Just want to resurrect this old topic. I hope Nvidia will put back support for loading device tree from file in the upcoming Jetpack release.


Hi JerryChang,

any updates on alternatives to update the device tree?

hello Benjamin_Caro,

we’ll need to flash the DTB partition for updating the device tree on release 28.1
please check this external wiki page for reference: [url][/url]

For 28.2, the update of the dtb as describe in Jetson/TX2 DTB - does not work.
I have decompiled the dtb in the tx2 located in /boot/dtb using

dtc -I dtb -O dts -o original.dts original.dtb

Made changes to the dev name for e3326 and compiled using

dtc -I dts -O dtb -o new.dtb new.dts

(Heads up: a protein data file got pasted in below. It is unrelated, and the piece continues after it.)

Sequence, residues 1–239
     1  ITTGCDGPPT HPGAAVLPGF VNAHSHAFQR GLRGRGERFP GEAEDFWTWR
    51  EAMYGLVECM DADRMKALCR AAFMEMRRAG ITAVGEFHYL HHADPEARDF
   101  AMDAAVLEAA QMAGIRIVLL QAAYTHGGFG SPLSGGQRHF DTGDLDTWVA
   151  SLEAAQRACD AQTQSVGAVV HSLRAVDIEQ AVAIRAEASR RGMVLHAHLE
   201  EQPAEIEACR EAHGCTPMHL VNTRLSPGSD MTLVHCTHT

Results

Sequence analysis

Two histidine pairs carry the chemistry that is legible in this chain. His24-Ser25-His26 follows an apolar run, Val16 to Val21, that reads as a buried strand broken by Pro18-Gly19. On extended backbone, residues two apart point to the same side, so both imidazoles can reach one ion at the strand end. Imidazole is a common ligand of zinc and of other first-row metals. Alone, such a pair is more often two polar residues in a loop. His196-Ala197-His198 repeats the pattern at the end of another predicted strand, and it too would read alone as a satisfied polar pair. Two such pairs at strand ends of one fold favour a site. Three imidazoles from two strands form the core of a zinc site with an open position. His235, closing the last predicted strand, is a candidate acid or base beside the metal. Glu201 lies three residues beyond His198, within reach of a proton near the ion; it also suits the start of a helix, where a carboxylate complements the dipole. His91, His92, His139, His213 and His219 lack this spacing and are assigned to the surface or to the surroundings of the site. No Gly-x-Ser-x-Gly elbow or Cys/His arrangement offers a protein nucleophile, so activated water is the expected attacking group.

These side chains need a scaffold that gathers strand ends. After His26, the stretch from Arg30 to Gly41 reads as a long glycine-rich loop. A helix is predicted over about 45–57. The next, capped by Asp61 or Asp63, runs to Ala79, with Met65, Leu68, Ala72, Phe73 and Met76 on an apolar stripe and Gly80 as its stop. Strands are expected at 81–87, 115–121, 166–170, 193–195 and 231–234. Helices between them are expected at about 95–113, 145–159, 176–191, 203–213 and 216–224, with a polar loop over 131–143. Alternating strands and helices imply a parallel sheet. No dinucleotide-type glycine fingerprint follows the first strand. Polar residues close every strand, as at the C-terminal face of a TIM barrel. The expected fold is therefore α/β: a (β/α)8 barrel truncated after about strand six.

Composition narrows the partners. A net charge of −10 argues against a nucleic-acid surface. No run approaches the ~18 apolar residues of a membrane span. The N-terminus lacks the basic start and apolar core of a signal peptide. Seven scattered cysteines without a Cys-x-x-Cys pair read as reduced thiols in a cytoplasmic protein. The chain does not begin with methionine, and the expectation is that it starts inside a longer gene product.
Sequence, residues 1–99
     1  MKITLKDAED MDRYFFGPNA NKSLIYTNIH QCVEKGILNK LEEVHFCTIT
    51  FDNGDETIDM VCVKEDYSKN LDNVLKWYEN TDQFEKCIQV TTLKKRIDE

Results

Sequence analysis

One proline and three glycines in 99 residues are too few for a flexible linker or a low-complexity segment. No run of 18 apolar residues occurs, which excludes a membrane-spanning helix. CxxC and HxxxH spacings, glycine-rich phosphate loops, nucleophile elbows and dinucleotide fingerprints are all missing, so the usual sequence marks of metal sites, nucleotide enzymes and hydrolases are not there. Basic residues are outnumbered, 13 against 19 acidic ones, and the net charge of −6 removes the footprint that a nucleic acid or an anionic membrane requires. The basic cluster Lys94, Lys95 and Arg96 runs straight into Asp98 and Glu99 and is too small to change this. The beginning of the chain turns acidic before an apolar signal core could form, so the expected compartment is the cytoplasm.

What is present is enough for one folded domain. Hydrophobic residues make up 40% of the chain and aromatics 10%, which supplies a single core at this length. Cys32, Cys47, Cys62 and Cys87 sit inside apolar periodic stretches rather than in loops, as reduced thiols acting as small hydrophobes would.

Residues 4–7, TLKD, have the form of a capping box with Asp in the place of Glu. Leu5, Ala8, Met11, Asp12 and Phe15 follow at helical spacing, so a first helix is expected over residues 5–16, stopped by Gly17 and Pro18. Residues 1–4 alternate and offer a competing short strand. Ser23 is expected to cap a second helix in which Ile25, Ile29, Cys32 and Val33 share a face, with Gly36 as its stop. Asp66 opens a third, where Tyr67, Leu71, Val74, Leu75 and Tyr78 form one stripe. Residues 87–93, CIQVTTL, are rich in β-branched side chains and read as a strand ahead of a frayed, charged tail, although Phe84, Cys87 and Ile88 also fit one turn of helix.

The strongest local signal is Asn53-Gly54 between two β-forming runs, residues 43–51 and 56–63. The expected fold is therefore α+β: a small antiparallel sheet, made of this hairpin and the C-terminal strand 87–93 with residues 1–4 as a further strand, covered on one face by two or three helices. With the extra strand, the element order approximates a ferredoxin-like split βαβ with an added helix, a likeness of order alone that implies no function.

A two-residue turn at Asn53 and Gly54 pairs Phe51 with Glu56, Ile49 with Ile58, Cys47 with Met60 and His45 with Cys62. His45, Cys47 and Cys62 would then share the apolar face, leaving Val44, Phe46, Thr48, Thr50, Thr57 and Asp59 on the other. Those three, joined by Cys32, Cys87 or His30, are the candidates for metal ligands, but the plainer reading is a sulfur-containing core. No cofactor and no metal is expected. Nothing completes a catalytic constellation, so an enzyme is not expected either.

Copy to host and type (tx2 in recovery mode)

sudo ./flash -r -k kernel-dtb jetson-tx2 mmcblk0p1

After reboot, the /boot/dtb file does not change.

When compile system.img using

sudo ./flash jetson-tx2 mmcblk0p1

This updates the /boot/dtb files.

Does the dtb files in /boot get used?

Hi JerryChang,

having to use the tool to update the device tree works but isn’t really a great story for deployment or customization.

I own a Tx2 based platform to which we add custom hardware drivers over time. I would like to be able to tell my customers to simply untar a new kernel (with a new device tree specified in extlinux.conf) at the root level and reboot.

I would also like to be able to allow my customers to select different kernels/device tree configurations from uboot.